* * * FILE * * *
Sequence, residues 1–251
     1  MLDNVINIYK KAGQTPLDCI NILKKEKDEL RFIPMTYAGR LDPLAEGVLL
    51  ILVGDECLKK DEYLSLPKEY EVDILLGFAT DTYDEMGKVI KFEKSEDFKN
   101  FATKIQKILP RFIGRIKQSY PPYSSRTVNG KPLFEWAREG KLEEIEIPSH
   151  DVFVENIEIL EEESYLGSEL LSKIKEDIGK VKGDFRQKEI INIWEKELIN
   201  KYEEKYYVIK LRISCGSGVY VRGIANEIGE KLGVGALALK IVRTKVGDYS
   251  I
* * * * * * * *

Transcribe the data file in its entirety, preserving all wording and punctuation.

Sequence, residues 1–251
     1  MLDNVINIYK KAGQTPLDCI NILKKEKDEL RFIPMTYAGR LDPLAEGVLL
    51  ILVGDECLKK DEYLSLPKEY EVDILLGFAT DTYDEMGKVI KFEKSEDFKN
   101  FATKIQKILP RFIGRIKQSY PPYSSRTVNG KPLFEWAREG KLEEIEIPSH
   151  DVFVENIEIL EEESYLGSEL LSKIKEDIGK VKGDFRQKEI INIWEKELIN
   201  KYEEKYYVIK LRISCGSGVY VRGIANEIGE KLGVGALALK IVRTKVGDYS
   251  I